Some of The Amazing People I Have Met

Some of The Amazing People I Have Met

We meet many people during our lives. There is often the iconic story of the teacher, doctor, employer who teaches, employs and cares for a young man or woman who goes on to become known in the world: the scientist who creates the polio vaccine; the political activist who becomes a state senator and then president of the United States; the gardener who loves plants and then becomes known for his gardening advice. The writer who wins the Pulitzer.

Every one of you has someone you worked with, met or taught—someone who has gone on to do great things. Maybe that person is you!

Today I’m sharing some of the amazing people I have met who still inspire me to this day.


Born, raised, and completing my education in Chicago—there are hundreds of people during that time in my life who had great influence on me, who loved and encouraged me. Certainly, every member of my loving family. 


My biology teacher at Mundelein College saw something in me, called me into her office to underline that I should NOT major in English, become a teacher. I should immediately switch to the sciences, go into medicine. I didn’t listen.

But after teaching high school English at BLOOM TOWNSHIP HIGH SCHOOL (I loved my students) and having my children, I became fascinated with medicine and followed her advice, became a nurse. I worked in the maternity unit at MERCY HOSPITAL in Chicago, assisting pregnant women of all ages and backgrounds. Like teaching, this position opened my vision of life, stressed the importance of understanding all persons in our society.


Then a few years later my husband accepted employment in Des Moines, Iowa—another adventure. Des Moines is the state capital, and because of Iowa’s first in the nation caucus, it is always the center of political activity. My husband and I couldn’t help but become more involved in politics. When HILLARY CLINTON ran, we were sitting in the Drake Dinner at 5:00 in the morning, watching her prepare for interviews on all major stations. We were friends with DR. ANDY McGUIRE, who ran for governor of Iowa, who has been head of the Iowa Democratic party and will always have political blood running in her veins. Through Andy, we met Hillary that morning, and I asked her how she did it all. She teared up. And for those reading who remember a similar episode, this was way before New Hampshire.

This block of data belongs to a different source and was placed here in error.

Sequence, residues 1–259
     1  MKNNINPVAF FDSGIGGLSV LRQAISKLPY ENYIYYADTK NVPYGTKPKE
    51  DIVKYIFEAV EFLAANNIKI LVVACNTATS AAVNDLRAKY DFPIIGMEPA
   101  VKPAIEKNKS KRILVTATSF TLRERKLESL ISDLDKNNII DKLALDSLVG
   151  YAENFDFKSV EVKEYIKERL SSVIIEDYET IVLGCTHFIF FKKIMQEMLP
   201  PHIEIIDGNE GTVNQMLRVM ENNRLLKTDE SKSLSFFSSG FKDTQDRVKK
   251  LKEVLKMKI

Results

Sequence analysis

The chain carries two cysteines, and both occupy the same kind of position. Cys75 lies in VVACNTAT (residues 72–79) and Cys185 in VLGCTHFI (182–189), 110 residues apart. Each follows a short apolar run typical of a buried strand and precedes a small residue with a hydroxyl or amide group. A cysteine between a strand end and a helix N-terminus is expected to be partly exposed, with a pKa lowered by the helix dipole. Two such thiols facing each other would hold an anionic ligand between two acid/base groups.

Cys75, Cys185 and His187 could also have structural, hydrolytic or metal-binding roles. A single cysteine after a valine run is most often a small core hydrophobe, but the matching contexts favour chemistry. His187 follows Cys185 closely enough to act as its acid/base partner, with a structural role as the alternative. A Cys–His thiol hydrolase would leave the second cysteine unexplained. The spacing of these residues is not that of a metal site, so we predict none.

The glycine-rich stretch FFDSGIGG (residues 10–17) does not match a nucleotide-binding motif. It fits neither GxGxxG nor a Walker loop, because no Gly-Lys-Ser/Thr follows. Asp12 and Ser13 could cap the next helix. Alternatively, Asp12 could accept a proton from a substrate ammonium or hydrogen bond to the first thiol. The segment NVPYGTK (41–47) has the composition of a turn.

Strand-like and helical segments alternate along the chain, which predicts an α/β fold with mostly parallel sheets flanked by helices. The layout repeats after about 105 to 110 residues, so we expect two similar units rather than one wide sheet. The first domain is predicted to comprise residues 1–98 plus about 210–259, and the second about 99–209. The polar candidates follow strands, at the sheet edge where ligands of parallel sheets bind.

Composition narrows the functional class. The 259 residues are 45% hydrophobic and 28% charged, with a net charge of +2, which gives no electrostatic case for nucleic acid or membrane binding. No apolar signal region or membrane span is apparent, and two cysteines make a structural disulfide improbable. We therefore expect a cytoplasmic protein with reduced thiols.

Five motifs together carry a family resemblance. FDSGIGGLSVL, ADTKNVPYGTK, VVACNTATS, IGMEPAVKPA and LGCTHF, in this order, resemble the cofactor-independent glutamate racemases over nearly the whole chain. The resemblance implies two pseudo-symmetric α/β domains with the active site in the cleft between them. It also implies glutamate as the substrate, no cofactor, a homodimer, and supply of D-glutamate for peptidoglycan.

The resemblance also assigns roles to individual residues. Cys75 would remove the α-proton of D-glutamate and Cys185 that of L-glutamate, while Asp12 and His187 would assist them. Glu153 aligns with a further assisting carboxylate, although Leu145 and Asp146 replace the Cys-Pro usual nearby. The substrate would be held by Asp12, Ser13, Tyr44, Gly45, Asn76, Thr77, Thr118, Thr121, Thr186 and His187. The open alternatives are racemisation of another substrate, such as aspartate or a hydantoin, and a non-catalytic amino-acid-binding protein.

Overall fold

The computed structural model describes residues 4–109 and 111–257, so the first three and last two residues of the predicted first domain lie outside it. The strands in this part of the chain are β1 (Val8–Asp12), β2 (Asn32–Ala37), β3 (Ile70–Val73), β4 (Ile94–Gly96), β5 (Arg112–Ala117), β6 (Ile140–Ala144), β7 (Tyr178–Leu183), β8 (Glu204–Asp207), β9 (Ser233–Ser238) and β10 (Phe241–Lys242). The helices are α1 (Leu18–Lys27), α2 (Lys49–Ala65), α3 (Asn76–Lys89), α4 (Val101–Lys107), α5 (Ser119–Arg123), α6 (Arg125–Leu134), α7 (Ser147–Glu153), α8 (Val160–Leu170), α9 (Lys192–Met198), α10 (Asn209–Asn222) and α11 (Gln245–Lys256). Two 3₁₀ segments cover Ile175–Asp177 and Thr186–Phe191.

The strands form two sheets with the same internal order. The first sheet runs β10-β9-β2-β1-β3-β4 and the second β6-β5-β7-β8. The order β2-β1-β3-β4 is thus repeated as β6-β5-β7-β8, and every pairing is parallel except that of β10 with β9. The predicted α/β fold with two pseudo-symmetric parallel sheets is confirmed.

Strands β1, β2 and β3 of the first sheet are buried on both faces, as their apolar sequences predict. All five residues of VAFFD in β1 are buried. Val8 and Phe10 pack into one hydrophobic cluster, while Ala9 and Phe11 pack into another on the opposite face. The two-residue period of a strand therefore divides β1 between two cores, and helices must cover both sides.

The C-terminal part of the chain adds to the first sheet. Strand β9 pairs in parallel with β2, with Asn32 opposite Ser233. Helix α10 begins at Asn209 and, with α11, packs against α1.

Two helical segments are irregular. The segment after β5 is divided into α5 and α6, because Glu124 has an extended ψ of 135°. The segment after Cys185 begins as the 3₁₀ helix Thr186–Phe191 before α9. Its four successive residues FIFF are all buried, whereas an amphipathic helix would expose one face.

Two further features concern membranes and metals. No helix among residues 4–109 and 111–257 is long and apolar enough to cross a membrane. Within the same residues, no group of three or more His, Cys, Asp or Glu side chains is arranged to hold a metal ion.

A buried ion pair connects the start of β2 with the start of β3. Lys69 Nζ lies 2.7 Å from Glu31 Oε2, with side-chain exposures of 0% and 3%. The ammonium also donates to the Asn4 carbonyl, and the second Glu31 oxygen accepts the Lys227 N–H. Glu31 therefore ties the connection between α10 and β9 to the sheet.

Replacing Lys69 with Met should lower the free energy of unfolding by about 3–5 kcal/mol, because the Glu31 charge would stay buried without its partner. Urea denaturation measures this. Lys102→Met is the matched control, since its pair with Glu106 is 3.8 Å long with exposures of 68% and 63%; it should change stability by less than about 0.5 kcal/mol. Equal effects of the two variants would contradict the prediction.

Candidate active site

SENATOR BARACK OBAMA won the caucuses and I was able to shake his hand during a meet and greet in Des Moines. That’s a huge memory for me. But that event was also fortuitous, as the woman standing next to me was an RN at the Polk County Health Department in Des Moines. I had recently lost the amazing work I had done for Meredith Corporation in Des Moines—(think Better Homes & Gardens, Midwest Living, Country Home and many other amazing magazines), because the Meredith Books group had shut down. (Thanks to Terri Fredrickson who guided me through the years I proofread for her.) So I interviewed at the health department and was hired JUST AT THE TIME, — H1N1 was surging.

But because of my work at MEREDITH BOOKS, I had met JAMES WAGENVROOD, a writer from New York City, who became my mentor and dear friend. We actually wrote a book together that you would not think would be in my wheelhouse, MIANI INK, MARKED FOR GREATNESS. 

I also met and toured the garden of ELVIN McDONALD, gardener, writer, and lovely person. You might be familiar with his: A GARDEN MAKES A HOUSE A HOME. 


The Des Moines Library (newly built in the re-emerging city center with a roof that originally was covered in grass, a salute to the green movement) hosted authors and there I met ELIZABETH BERG. She shook my hand and said I needed to get my novels out of the drawers where they were sitting. I’m still working on that project. She was charming, of course.